The nerve branches are pinched (compressed) between bone, ligaments, and other connective tissues, causing pain. The pain is made worse when ankle motion and certain shoes or activities such as running put additional pressure on the pinched nerves.
(See also Overview of Foot Problems Overview of Foot Problems Some foot problems start in the foot itself, for example, resulting from a foot injury. Problems can occur in any bone, joint, muscle, tendon, or ligament of the foot. Foot and ankle fractures... read more .)
Symptoms of medial and lateral plantar nerve entrapment include almost constant pain, whether walking or sitting. Just standing is often difficult. The pain is often chronic, difficult to treat, and aggravated by high-impact activities such as running. Burning, numbness, and tingling, which often occur when nerves are compressed, usually do not occur in medial and lateral plantar nerve entrapment.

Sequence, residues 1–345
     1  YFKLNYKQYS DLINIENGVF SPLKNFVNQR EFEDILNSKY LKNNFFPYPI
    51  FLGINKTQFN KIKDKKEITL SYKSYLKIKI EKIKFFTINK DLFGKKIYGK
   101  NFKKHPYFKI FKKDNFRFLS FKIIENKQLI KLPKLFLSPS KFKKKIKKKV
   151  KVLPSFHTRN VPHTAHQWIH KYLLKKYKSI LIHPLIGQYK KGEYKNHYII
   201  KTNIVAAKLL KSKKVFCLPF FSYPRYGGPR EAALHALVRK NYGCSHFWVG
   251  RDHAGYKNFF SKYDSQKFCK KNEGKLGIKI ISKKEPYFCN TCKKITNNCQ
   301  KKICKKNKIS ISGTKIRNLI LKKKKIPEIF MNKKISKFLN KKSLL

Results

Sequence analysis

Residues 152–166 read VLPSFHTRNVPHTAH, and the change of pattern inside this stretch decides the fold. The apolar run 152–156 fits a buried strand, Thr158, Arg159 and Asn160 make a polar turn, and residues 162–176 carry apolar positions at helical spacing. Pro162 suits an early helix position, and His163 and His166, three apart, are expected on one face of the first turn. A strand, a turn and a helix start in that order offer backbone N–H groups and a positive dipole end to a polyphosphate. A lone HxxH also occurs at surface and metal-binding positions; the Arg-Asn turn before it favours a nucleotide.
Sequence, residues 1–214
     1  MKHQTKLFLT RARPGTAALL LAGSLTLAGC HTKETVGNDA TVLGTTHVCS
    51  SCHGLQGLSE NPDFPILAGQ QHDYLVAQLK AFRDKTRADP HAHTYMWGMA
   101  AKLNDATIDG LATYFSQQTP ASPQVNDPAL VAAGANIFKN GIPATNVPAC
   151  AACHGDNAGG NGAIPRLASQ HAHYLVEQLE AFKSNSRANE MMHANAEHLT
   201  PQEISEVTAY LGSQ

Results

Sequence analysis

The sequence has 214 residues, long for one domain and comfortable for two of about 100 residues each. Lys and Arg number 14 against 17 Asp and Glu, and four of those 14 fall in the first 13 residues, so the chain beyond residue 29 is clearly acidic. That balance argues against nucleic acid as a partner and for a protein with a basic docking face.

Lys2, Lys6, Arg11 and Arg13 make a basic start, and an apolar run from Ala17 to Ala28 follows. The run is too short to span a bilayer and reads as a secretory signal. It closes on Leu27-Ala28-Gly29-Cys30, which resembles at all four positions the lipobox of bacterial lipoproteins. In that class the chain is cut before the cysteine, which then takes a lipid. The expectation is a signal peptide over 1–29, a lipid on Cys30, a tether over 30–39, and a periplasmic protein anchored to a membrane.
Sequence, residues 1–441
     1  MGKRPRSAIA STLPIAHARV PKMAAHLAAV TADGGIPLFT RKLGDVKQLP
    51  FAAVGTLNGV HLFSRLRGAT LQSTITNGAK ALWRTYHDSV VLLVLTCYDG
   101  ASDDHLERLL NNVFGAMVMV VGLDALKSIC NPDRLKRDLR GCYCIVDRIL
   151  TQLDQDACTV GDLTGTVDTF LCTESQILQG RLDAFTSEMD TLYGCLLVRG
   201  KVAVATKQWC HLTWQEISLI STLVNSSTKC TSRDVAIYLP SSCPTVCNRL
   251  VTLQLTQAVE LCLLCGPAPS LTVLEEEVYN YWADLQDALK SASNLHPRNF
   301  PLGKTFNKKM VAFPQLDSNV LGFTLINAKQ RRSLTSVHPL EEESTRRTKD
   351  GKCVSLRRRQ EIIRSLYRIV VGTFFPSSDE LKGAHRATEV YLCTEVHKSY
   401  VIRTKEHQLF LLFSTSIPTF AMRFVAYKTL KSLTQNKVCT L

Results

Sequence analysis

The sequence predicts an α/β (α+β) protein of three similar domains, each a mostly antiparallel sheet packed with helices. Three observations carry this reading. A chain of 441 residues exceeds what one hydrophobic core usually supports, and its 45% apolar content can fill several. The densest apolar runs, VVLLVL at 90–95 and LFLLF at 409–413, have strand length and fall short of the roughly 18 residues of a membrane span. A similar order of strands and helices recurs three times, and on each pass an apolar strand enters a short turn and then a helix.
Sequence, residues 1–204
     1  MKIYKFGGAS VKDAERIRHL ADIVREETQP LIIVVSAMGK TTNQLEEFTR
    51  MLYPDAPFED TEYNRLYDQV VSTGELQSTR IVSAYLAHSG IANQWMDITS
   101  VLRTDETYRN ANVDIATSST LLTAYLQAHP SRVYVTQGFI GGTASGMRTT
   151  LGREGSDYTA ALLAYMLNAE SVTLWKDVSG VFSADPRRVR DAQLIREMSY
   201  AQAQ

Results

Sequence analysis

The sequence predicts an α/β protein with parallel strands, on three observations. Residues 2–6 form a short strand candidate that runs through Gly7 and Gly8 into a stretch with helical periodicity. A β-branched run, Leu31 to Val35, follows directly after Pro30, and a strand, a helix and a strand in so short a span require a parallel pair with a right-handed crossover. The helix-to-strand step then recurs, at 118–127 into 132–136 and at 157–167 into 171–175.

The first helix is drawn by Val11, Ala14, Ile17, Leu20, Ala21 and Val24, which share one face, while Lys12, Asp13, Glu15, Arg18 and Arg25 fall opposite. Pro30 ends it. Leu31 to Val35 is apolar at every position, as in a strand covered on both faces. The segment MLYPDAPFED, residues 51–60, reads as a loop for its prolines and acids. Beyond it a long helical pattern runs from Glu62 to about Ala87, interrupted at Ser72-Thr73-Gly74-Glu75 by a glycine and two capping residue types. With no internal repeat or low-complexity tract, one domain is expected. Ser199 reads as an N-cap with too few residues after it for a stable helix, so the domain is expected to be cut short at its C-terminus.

A doctor's examination
Doctors base the diagnosis of medial and lateral plantar nerve entrapment on the person’s symptoms and the results of an examination.
Splints, orthoses, and physical therapy
Devices that keep the foot from moving (such as splints) and other devices placed in the shoe (orthoses) may help, as may physical therapy Physical Therapy (PT) Physical therapy, a component of rehabilitation, involves exercising and manipulating the body with an emphasis on the back, upper arms, and legs. It can improve joint and muscle function, helping... read more and application of extreme cold to the nerve ( cryotherapy Cold therapy (cryotherapy) Professional rehabilitation therapists treat pain and inflammation. Such treatment makes movement easier and enables people to participate more fully in rehabilitation. Techniques used include... read more ).
If these treatments do not work, injection with an alcohol solution to deaden the nerve or surgery to free the nerve from compression may help relieve pain.